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Cisco's 'jawbreaker' seen as response to competitive pressure

Jim Duffy | March 10, 2011
Why would Cisco be developing a new data center fabric product line based on merchant silicon when its Nexus switches and FabricPath software are already available?

As for Jawbreaker in particular, Oltsik believes Nexus/FabricPath is optimized more for Fibre Channel-over-Ethernet (FCoE) penetration than for flattening a data center fabric. Cisco is an aggressive evangelist of FCoE for virtualizing storage, running it as another traffic type over Ethernet.

"The Nexus/FabricPath stuff... was originally designed for FCoE, not Data Center Bridging/TRILL-like functionality, so my hunch is that Jawbreaker is a next-generation version of FabricPath," Oltsik says. "In other words, I can't see Cisco offering both. In my view, the goal of Jawbreaker is a flat network with storage coming along for the ride -- very similar to QFabric in this sense."

Indeed, Juniper sees it that way too. In a comment on Oltsik's blog on the Network World Web site, Andy Ingram, vice president of product marketing in Juniper's fabric and switching group , says Cisco's FabricPath fails to adequately accommodate Layer 3 traffic in data centers while working around the shortcomings of scaling Ethernet in non-blocking data center networks.

QFabric, meanwhile, "changed the scaling model" of an Ethernet switch to distributed and federated elements rather than multiple Ethernet switches. By "rethinking the data plane, the control plane, and the management plane," QFabric scales to more than 6,000 ports and 44Tbps of cross-sectional bandwidth while maintaining the operational model of a single switch, Ingram says.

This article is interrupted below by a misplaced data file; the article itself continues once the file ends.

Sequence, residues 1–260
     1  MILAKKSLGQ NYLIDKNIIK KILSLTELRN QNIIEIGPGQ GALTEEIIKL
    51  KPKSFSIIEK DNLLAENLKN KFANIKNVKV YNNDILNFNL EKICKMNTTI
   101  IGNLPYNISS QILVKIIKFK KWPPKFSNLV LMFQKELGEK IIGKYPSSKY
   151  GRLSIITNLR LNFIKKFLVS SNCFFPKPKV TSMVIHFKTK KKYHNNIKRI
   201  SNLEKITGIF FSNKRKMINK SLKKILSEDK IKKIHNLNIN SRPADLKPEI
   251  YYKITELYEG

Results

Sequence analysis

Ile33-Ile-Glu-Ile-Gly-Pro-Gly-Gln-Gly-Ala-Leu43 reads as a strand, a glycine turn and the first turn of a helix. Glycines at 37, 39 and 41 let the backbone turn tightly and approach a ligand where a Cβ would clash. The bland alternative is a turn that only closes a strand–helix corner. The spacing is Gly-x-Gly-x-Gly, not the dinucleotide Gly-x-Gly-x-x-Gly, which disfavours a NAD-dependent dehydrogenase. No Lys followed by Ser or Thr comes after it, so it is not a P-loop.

"It would appear that even Cisco agrees with Juniper's approach," Ingram states in his post. "Cisco's 'Jawbreaker' project is eschewing the FabricPath approach and is attempting to emulate the QFabric switch."

Even the current Nexus 5000 and 7000 switches are architecturally inconsistent, says another Cisco competitor. Jawbreaker is an attempt to correct that, while the Nexus 3000 is a time-to-market play to make up ground against Arista and Juniper in financial trading.

"The N7k and N5k were designed for different purposes -- the 7k was 'big fast modular box, feature rich, price point not much of an object, etc.' -- the 5k was 'get FCoE to market, support (Unified Computing Systems),'" the competitor says. "Getting these all to play together in a way that looks and feels like a single switch from a CLI perspective and from a forwarding plane perspective, given their divergent genealogy, is damn near impossible. Thus they do a new architecture to achieve time-to-market against Juniper as it's the only way they can cost-effectively deliver the capability."

 

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